Insulin secretory effect of sitagliptin

Assessment with a hyperglycemic clamp combined with a meal challenge

Sudha S. Shankar, R. Ravi Shankar, Lori A. Mixson, Deborah L. Miller, Helmut Steinberg, Chan R. Beals, David E. Kelley

Research output: Contribution to journalArticle

Abstract

Sitagliptin, a dipeptidyl peptidase-IV inhibitor (DPP-4), sustains activity of the incretin hormones GLP-1 and GIP and improves hyperglycemia in Type 2 diabetes mellitus (T2DM). It has however proven challenging to quantify the effect of sitagliptin on rates of insulin secretion (ISR) during a prandial challenge. The tight feedback governance of ISR by plasma glucose means that in the face of treatment-related lowering of postprandial glycemia, corresponding stimulation of ISR is lessened. We postulated that sustaining a stable level of moderate hyperglycemia before and during a meal challenge (MC) would be a platform that enables greater clarity to assess the effect of sitagliptin on ISR and an approach that could be valuable to evaluate novel targets that increase insulin secretion directly and by augmenting incretins. A hyperglycemic clamp (HGC) at 160 mg/dl was conducted in 12 healthy volunteers (without diabetes) for 6 h; 3 h into the HGC, MC was administered while maintaining stable hyperglycemia of the HGC for an additional 3 h. Modeling of C-peptide response was used to calculate ISR. In crossover design of three periods (sitagliptin twice and placebo once), the effect of sitagliptin vs. placebo on ISR and the reproducibility of the response to sitagliptin were assessed. Sitagliptin increased ISR compared with placebo by 50% and 20% during the HGC alone and the HGC-MC phases, respectively (P < 0.001 for both). There was an associated significant treatment-based increase in circulating insulin, as well as active levels of GLP-1. Robust reproducibility of the sitagliptin-mediated ISR response was observed; the intraclass correlation value was 0.94. The findings delineate the effect of sitagliptin to stimulate insulin secretion, and these benchmark data also demonstrate that an HGC-MC can be a useful platform for interrogating therapeutic targets that could potentially modulate ISR via direct action on beta-cells as well as by augmenting release or action of incretins.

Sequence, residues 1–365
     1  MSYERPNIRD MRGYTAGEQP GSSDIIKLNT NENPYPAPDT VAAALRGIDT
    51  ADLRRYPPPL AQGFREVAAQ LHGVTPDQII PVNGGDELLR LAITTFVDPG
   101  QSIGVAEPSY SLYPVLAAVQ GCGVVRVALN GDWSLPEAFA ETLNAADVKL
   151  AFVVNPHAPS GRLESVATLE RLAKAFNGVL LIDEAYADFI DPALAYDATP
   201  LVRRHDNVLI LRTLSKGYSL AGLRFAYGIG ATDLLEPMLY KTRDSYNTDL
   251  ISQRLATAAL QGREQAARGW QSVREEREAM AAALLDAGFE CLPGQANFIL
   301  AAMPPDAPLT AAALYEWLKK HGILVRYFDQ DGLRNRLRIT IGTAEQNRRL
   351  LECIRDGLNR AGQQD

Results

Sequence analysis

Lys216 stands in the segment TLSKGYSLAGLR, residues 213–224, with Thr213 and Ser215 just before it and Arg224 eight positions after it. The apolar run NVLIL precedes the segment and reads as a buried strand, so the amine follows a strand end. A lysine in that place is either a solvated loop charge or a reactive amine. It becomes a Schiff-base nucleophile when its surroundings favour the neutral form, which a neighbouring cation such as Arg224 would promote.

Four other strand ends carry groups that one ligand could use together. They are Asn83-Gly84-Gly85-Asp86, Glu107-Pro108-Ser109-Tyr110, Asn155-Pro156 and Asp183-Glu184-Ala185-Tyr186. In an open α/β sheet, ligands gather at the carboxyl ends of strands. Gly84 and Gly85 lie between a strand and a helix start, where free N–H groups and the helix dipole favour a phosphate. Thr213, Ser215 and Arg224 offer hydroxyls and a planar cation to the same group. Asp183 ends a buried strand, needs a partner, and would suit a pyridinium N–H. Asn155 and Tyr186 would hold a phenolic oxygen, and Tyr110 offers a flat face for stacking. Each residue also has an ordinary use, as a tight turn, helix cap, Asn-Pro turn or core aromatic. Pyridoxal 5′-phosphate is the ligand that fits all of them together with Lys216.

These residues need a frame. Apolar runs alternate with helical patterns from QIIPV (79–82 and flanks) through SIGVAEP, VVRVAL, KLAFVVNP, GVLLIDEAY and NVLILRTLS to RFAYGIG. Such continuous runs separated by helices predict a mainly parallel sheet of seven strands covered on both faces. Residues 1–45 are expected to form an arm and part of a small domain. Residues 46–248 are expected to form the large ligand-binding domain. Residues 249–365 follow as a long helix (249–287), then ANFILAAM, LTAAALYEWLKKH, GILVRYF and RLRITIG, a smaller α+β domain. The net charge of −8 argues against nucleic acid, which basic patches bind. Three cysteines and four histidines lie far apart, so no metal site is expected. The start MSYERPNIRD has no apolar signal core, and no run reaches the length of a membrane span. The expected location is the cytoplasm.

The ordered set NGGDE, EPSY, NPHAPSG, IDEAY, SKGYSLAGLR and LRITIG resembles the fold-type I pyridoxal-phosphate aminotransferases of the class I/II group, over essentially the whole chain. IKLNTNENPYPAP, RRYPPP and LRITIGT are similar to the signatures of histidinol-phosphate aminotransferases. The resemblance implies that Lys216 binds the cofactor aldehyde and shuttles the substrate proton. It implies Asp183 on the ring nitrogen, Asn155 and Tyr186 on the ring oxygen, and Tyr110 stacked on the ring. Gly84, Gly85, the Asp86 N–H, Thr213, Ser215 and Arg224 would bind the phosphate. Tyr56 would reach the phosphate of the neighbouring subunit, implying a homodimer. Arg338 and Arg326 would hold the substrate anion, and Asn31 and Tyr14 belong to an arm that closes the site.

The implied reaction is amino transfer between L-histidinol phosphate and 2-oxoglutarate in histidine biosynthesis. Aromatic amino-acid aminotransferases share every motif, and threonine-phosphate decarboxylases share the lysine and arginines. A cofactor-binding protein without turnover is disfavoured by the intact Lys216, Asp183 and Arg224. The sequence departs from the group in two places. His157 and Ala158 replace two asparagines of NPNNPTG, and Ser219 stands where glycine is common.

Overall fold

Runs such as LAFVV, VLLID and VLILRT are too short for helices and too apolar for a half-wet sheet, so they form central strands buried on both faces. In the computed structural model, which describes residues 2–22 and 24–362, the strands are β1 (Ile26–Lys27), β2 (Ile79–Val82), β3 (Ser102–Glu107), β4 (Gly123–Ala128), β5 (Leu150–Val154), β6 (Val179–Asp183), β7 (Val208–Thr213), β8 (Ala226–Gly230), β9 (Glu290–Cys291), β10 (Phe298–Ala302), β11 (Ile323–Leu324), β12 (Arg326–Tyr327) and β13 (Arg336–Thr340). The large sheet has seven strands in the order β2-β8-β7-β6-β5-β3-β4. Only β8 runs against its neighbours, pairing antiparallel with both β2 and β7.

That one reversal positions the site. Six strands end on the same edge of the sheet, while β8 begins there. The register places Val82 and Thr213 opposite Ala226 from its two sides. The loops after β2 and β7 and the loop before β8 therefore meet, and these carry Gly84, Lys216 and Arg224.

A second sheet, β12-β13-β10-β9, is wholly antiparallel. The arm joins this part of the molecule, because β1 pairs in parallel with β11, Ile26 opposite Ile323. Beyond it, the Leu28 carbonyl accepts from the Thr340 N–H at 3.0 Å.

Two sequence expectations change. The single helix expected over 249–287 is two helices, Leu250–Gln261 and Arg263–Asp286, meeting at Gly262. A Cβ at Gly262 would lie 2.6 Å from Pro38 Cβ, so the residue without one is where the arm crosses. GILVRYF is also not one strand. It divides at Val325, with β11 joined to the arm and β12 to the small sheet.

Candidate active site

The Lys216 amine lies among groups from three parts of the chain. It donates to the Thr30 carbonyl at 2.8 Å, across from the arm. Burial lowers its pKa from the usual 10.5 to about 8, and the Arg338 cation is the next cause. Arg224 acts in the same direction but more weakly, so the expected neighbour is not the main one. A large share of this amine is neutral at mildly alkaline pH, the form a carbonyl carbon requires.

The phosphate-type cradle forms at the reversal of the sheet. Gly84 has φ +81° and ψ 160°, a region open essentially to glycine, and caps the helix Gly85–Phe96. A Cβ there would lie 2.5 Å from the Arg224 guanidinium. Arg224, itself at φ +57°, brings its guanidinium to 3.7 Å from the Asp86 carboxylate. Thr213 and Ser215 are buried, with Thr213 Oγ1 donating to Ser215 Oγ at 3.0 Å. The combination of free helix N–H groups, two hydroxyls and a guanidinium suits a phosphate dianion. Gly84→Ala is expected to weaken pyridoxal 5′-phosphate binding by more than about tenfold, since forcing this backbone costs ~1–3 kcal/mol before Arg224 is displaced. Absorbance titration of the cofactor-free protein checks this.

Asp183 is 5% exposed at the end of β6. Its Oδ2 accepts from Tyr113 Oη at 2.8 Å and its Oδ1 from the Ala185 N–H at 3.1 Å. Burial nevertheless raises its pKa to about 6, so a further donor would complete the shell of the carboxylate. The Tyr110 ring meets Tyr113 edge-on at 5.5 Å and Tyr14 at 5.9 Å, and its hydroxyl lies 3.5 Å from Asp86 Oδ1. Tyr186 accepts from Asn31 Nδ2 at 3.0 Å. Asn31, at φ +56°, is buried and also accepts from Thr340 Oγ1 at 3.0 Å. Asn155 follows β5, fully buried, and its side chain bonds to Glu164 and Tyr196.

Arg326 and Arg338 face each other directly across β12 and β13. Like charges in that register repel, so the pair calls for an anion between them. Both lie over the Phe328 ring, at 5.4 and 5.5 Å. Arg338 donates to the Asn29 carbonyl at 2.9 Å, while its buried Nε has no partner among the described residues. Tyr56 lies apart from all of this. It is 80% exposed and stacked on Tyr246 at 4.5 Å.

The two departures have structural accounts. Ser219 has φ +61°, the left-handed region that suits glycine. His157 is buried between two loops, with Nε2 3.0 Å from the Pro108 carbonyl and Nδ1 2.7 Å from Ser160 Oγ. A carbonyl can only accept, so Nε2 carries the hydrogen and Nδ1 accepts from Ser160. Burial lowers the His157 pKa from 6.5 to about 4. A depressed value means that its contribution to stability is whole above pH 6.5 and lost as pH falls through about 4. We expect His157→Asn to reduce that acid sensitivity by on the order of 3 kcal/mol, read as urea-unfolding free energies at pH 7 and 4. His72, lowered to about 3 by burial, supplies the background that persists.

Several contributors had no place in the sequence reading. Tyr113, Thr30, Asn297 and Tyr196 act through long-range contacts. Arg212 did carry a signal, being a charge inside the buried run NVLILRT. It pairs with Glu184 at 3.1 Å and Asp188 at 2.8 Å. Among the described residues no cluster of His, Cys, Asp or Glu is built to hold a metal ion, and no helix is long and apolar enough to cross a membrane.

Original languageEnglish (US)
Pages (from-to)E406-E412
JournalAmerican Journal of Physiology - Endocrinology and Metabolism
Volume314
Issue number4
DOIs
StatePublished - Apr 1 2018
Externally publishedYes

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Meals
Insulin
Incretins
Hyperglycemia
Glucagon-Like Peptide 1
Sitagliptin Phosphate
Placebos
Dipeptidyl-Peptidase IV Inhibitors
Benchmarking
Placebo Effect
C-Peptide
Cross-Over Studies
Type 2 Diabetes Mellitus
Healthy Volunteers
Therapeutics
Hormones
Glucose

All Science Journal Classification (ASJC) codes

  • Endocrinology, Diabetes and Metabolism
  • Physiology
  • Physiology (medical)

Cite this

Insulin secretory effect of sitagliptin : Assessment with a hyperglycemic clamp combined with a meal challenge. / Shankar, Sudha S.; Ravi Shankar, R.; Mixson, Lori A.; Miller, Deborah L.; Steinberg, Helmut; Beals, Chan R.; Kelley, David E.

In: American Journal of Physiology - Endocrinology and Metabolism, Vol. 314, No. 4, 01.04.2018, p. E406-E412.

Research output: Contribution to journalArticle

Shankar, Sudha S. ; Ravi Shankar, R. ; Mixson, Lori A. ; Miller, Deborah L. ; Steinberg, Helmut ; Beals, Chan R. ; Kelley, David E. / Insulin secretory effect of sitagliptin : Assessment with a hyperglycemic clamp combined with a meal challenge. In: American Journal of Physiology - Endocrinology and Metabolism. 2018 ; Vol. 314, No. 4. pp. E406-E412.
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